MOSCOW (Apr. 21)
An explosion ripped through a Jewish community center in the Russian city of Yaroslavl, causing no injuries but seriously damaging the 2-story building housing the center in the city’s historic quarter.
The bomb used in last Friday’s attack contained a charge equivalent to more than two pounds of TNT, a spokesperson for regional police said in a telephone interview.
No one claimed responsibility for the attack.
Some in the Jewish community thought that the perpetrators would never be apprehended.
“I think no one will be arrested and punished,” said Inna Davidova, director of the Hesed Charitable Society and member of the community’s executive board.
She said she saw no reason for anyone to attack the community, adding, “We have always had a good relationship with the authorities and with the general community.”
The community center is located in a synagogue that was erected in 1916. In 1934, the building was confiscated by local Communist authorities. The Jewish community recovered the property in 1994.
Along with a synagogue, the center houses local organizations that serve the needs of the 2,500-member Jewish community in Yaroslavl, about 130 miles northeast of Moscow.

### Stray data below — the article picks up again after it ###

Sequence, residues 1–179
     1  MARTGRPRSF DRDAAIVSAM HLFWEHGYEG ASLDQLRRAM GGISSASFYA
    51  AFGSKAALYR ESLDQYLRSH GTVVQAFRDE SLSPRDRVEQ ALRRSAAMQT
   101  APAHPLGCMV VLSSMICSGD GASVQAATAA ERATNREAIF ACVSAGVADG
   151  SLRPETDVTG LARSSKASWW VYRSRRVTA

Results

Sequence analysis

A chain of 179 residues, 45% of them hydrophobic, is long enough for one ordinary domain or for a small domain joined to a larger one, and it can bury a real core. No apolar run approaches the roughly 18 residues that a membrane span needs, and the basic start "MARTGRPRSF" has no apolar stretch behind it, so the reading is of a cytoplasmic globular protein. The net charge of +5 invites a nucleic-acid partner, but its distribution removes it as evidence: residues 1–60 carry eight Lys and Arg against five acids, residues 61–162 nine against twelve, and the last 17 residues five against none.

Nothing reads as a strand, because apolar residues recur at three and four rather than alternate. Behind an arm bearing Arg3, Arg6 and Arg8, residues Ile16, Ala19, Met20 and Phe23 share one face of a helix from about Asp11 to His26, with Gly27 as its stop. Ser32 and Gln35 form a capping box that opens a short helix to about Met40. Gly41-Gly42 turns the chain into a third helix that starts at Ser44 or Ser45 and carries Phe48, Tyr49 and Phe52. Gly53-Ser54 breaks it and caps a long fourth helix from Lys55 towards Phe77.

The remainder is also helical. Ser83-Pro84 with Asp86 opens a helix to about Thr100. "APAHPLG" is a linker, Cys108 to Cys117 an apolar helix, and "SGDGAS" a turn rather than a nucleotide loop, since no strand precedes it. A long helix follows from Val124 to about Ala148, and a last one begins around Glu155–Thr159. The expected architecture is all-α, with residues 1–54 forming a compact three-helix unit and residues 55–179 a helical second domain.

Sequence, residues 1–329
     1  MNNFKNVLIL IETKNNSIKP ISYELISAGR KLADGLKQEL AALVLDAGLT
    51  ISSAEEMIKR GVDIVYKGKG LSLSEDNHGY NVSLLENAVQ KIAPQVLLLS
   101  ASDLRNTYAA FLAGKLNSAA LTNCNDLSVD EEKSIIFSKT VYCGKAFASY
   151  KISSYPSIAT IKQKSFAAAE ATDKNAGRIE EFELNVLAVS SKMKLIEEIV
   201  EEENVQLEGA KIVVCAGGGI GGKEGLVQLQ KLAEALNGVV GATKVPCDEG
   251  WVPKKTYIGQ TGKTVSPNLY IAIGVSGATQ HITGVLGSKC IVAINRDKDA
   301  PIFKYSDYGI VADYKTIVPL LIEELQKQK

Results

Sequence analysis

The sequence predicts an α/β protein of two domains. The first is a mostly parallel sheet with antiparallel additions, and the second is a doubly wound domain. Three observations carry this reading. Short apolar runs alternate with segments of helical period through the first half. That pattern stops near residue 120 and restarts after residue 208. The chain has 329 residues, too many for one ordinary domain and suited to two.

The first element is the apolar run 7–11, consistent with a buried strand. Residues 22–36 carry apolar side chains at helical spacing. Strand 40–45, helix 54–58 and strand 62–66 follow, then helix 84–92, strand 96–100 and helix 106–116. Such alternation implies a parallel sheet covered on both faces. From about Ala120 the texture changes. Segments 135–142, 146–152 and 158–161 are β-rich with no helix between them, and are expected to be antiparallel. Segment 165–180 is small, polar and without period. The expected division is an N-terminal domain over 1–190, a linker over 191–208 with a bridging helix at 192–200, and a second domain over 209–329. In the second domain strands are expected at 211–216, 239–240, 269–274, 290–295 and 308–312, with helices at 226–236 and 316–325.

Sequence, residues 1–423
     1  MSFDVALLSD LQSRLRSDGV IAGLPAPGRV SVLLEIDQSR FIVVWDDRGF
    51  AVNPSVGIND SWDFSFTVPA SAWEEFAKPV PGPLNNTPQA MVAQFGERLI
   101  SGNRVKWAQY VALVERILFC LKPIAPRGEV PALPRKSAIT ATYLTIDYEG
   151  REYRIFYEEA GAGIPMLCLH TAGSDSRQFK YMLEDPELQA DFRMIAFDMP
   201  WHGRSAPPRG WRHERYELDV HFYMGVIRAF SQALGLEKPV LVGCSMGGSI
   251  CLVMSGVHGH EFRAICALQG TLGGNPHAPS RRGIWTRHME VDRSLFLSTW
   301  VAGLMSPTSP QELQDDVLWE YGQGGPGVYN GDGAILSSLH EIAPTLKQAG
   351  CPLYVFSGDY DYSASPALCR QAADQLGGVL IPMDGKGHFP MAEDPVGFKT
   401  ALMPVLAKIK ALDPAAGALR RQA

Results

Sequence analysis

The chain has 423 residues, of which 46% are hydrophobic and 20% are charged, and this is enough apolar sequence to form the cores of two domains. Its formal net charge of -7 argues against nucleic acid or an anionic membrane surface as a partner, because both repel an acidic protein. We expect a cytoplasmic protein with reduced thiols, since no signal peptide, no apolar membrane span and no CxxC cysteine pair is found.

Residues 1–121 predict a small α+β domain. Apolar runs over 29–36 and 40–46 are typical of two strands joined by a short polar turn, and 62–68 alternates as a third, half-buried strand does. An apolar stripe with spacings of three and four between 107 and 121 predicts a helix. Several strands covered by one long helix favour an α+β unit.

The explosion, caused by a bomb planted outside the center, shattered all the windows in the building and in some neighboring houses.
An office of the Hesed society and a room that served as the community library suffered the worst damage.
The attack came a day after the Israeli army shelled a U.N. base in southern Lebanon, killing at least 75 refugees who had taken shelter there.
Some Russian media reports suggested another connection, noting a possible link between the bombing of the center and the birthday of Adolf Hitler, which falls on April 20 and which is sometimes marked by Russian neo-Nazis with acts of violence.
Citing another possible connection, the Russian daily Moskovsky Komsomolets noted that several members of a neo-Nazi group known as the Werewolf Legion were recently sentenced to jail terms by a regional court in Yaroslavl.
The paper suggested the explosion may have been carried out by supporters of the jailed neo-Nazis.